Friends First – GHB Ward and the Sheffield Clarion Ramblers

Jack Jordan and GHB Ward (right) in the 1950s

Later this year we’ll be creating a new display at Weston Park Museum focusing on George Herbert Bridges, countryside campaigner and the founder of the Sheffield Clarion Ramblers Club. Here’s Curator of Social history, Clara Morgan, with a special preview of what’ll you’ll see:

Back in 2018, as part of the Protest and Activism project, Museums Sheffield was lucky enough to acquire an important collection belonging to George Herbert Bridges Ward (1876-1957), the founder of the Sheffield Clarion Ramblers Club. We are currently working on a new display for the Sheffield Life and Times gallery at Weston Park Museum which will celebrate Ward, the Club, and the campaign for access to the countryside. In this Friends First, we wanted to share with you the story of GHB Ward’s life, his work and some of the fascinating objects selected for display.

GHB Ward’s walking boots

GHB Ward was born in Sheffield and lived on Cricket Inn Road with his parents and sister, and then with his wife and three children. The census shows that he worked in Sheffield’s metalworking industries. He was an active trade union member in the Amalgamated Society of Engineers, first secretary of the Sheffield branch of the Labour Representation Committee and interested in the socialist movement.

‘Clarion’ is a name associated with various socialist groups in the early 20th century – some were very political; others were more like social groups for like-minded people. Sheffield, for example, had a Clarion Club house at Dore, a Clarion Cycling Club and Sheffield Clarion Glee Club. After advertising in the Clarion newspaper, Ward led the first walk for what was to become the Sheffield Clarion Rambling Club on 2nd September 1900.

GHB Ward’s compass

The following year, the Club was officially formed to connect people to nature and provide companionable and interesting walks and fresh air away from the industrial city. Membership was one shilling to make it affordable for the working men and women it was aimed at. At its peak, there were 200 members, with walks every weekend and regular social activities. Ward believed that walking together and connecting with nature and the landscape was one of the best experiences in life and that it allowed a kind of personal freedom.

The first official pocket-sized handbook for the club was produced in 1902 and during his lifetime, GHB Ward continued to edit and write most of the content. This included not just a description of the planned walk routes, but also interesting historical facts and essays about places and people, poems, literary quotes and walking songs. Handbook examples in the city’s collections range from the 1909 edition (which belonged to Jack Jordan, one of the first members of the club) to the last 2014 edition.

1909 handbook

Ward was determined to keep ancient rights of way open over the moorland and open up public access, often in opposition to landowners and gamekeepers. He researched the landscape and was part of various organisations championing access to the countryside. This included the Sheffield and District Ramblers Association, which was one of the precursors of todays Rambling Association.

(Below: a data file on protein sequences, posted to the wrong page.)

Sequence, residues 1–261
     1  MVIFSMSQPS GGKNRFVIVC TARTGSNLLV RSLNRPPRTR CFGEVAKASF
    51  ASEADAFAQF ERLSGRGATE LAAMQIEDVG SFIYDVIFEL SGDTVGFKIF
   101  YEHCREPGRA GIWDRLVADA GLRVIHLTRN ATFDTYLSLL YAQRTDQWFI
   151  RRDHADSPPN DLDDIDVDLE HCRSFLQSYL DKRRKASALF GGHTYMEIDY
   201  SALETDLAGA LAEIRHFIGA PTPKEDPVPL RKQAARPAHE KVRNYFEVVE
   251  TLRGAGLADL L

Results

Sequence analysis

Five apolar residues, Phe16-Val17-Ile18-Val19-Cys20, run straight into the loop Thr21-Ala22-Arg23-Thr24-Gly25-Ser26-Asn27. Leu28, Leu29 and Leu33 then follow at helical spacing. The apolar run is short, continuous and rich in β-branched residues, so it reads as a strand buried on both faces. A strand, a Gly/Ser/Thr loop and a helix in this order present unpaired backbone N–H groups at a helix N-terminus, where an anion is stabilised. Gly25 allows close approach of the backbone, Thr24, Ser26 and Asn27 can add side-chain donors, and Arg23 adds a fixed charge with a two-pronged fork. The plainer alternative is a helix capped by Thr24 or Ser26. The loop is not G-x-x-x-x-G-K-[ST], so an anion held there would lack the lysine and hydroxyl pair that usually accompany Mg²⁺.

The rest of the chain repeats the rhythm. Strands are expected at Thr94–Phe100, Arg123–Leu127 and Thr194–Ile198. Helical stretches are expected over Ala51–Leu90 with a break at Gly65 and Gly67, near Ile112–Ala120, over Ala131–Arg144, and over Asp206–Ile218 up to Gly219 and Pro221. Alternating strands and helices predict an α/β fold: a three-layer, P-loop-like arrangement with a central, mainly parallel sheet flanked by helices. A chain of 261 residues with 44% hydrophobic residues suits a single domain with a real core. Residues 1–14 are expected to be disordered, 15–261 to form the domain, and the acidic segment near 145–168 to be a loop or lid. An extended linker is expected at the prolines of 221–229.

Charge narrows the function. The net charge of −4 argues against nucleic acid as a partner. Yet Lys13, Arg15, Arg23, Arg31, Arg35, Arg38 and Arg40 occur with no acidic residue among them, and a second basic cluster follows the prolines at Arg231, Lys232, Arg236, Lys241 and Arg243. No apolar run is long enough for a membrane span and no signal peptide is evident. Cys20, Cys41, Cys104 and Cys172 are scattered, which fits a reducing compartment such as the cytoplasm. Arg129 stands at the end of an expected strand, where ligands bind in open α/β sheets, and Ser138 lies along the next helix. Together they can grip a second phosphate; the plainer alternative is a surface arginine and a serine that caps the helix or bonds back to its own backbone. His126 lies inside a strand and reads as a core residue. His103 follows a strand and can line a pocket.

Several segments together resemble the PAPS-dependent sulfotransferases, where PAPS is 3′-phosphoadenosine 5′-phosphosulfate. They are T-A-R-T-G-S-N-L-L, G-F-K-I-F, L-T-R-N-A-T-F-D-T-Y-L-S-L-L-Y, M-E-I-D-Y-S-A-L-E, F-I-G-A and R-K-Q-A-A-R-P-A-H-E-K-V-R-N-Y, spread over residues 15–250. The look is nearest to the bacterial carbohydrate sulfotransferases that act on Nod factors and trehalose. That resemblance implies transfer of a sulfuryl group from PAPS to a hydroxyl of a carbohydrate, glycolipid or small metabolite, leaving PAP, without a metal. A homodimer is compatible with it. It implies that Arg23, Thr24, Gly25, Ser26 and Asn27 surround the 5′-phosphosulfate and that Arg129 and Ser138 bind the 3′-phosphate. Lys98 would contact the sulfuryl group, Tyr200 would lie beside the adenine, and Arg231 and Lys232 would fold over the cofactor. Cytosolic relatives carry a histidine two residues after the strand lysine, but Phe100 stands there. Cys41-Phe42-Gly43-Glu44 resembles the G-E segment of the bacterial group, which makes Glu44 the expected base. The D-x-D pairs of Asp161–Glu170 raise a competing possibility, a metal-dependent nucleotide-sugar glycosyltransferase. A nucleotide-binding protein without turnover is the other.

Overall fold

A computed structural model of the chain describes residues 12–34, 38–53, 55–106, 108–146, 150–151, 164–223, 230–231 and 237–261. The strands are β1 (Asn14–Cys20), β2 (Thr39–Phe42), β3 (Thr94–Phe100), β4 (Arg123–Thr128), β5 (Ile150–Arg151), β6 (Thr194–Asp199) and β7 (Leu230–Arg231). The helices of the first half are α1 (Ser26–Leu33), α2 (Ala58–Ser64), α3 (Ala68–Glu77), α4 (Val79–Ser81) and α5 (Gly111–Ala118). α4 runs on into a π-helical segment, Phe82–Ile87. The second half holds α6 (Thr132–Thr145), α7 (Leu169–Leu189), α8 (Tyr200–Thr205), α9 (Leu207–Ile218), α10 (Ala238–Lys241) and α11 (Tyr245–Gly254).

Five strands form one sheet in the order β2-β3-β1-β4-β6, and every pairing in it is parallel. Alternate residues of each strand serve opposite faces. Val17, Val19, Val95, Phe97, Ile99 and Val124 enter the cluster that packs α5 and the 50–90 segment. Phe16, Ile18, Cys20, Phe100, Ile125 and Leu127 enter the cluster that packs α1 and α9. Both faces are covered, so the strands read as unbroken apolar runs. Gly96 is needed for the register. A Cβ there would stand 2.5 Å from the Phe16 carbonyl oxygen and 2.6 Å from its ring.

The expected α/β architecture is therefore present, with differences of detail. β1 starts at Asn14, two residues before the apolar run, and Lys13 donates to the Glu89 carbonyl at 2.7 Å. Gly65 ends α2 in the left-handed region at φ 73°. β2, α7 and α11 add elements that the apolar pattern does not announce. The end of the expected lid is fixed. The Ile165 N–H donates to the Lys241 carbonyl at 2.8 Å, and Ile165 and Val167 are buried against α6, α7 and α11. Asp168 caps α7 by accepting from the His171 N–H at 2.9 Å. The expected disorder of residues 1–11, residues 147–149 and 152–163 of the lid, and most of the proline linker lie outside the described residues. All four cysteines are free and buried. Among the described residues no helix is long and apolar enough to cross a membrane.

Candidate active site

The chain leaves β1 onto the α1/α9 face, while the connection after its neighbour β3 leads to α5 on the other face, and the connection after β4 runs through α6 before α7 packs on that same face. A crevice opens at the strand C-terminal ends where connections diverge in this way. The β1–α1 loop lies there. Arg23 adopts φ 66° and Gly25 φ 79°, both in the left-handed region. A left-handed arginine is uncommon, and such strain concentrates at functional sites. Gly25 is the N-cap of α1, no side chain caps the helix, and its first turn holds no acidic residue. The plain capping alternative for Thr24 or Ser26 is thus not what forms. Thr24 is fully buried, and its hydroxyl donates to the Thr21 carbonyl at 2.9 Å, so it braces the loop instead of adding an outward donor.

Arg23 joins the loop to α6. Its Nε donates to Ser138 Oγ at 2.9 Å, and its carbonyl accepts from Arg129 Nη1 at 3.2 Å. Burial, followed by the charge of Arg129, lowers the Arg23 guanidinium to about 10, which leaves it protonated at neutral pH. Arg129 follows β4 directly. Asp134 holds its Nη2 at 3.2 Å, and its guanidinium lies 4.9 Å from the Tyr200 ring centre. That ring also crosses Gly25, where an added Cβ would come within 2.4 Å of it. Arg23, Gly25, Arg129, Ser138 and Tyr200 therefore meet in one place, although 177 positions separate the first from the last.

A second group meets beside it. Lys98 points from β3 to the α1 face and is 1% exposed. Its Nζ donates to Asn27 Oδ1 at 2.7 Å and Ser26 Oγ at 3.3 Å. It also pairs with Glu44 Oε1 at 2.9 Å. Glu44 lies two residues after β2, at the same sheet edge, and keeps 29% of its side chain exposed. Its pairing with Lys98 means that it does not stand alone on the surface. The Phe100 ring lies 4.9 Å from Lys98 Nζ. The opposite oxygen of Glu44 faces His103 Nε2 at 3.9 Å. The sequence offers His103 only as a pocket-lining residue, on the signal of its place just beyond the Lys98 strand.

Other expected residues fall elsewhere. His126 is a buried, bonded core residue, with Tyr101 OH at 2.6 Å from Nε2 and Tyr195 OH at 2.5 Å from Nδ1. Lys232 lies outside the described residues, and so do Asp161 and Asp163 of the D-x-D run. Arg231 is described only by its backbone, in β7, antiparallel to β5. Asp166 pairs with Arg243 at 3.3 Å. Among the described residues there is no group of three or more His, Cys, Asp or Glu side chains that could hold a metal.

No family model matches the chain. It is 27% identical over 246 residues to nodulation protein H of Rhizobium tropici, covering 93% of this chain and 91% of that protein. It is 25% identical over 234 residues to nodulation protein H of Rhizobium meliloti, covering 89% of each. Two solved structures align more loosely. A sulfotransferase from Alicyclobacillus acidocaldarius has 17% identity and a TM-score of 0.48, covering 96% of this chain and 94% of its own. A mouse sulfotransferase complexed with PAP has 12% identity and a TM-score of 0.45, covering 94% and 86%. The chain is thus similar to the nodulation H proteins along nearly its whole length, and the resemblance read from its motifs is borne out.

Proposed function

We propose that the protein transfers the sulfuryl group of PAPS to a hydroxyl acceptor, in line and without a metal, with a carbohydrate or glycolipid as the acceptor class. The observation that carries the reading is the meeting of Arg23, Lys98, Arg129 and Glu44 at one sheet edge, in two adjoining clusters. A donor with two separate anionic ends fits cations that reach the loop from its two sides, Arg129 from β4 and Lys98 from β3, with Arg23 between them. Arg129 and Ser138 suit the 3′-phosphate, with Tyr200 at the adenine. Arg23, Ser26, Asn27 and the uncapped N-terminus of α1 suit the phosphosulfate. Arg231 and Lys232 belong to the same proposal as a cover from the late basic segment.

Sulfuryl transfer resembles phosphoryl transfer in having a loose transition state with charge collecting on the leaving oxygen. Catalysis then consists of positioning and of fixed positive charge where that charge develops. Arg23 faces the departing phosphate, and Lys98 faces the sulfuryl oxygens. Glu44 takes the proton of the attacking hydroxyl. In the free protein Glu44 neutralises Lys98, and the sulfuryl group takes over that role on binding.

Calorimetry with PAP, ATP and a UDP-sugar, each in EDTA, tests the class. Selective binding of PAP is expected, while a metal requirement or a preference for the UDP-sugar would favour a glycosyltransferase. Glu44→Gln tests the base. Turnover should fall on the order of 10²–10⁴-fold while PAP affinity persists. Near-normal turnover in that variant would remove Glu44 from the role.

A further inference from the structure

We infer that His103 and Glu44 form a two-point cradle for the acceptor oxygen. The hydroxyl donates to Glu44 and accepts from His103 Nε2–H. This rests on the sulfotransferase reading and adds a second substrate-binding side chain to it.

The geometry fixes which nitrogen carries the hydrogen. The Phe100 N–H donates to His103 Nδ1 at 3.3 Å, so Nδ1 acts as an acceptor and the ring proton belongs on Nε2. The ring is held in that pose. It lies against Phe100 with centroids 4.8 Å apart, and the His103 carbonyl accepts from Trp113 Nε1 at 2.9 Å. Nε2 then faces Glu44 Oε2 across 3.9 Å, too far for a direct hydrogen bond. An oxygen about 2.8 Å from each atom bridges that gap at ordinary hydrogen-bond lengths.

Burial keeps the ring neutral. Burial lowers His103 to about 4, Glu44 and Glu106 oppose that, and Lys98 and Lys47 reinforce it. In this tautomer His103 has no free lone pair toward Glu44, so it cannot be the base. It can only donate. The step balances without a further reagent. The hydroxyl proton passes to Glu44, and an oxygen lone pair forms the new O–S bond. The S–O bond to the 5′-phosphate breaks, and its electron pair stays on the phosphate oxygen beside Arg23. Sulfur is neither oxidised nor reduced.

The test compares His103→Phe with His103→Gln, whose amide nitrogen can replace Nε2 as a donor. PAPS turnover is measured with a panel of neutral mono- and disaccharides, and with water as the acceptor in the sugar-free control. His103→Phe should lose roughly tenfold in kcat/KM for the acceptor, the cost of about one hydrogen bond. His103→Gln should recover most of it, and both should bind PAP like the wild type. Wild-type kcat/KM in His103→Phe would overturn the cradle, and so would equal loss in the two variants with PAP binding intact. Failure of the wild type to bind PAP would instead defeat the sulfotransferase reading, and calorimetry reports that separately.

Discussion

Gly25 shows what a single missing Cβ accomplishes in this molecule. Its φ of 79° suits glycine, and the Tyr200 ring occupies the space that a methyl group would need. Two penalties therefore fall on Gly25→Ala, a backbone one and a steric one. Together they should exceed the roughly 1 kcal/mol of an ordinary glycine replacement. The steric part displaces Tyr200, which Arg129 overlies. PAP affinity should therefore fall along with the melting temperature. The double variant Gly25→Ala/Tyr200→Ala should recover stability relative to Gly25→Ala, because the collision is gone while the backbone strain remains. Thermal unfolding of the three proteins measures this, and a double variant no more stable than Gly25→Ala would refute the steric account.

In 1945, friends and supporters raised money for the Sheffield & District Federation of the Ramblers Association to buy the summit of Lose Hill, and it was presented to Ward for his services to rambling, along with a beautiful handmade presentation book listing the contributors. As you might expect, he immediately gave the land to the National Trust for the public to enjoy.

Presentation book given to GHB Ward in 1945 for Lose Hill

The club continued for many more years until it was disbanded in 2015. GHB Ward’s collection, which is also supplemented by further items from Terry Howard (a former member of the club and current campaigner for access to the countryside), includes Ward’s walking boots, compass, pocket barometer, binoculars, pipe, backpack, photographs, club handbooks, paper archive, as well as his jacket, waistcoat and flat cap. George Herbert Bridges Ward passed away in 1957, and the Club included personal memories and a tribute to him in the next handbook, which ended with:

“One thing is completely certain - if it is given to the spirit of man to return at all to what he most loved in life, then the founder of this club and this book will still be roaming the Pennines he knew so well.”

GHB Ward and the Sheffield Clarion Ramblers will be on display in the Sheffield Life and Times gallery at Weston Park Museum later this year.


Images (top to bottom): 

  • Jack Jordan and GHB Ward (right) in the 1950s
  • GHB Ward’s walking boots
  • GHB Ward’s compass
  • 1909 handbook
  • Presentation book given to GHB Ward in 1945 for Lose Hill

Reference: “The best of the Sheffield Clarion Ramblers’ Handbooks, ‘Ward’s Piece’”, Edited by David Sissons


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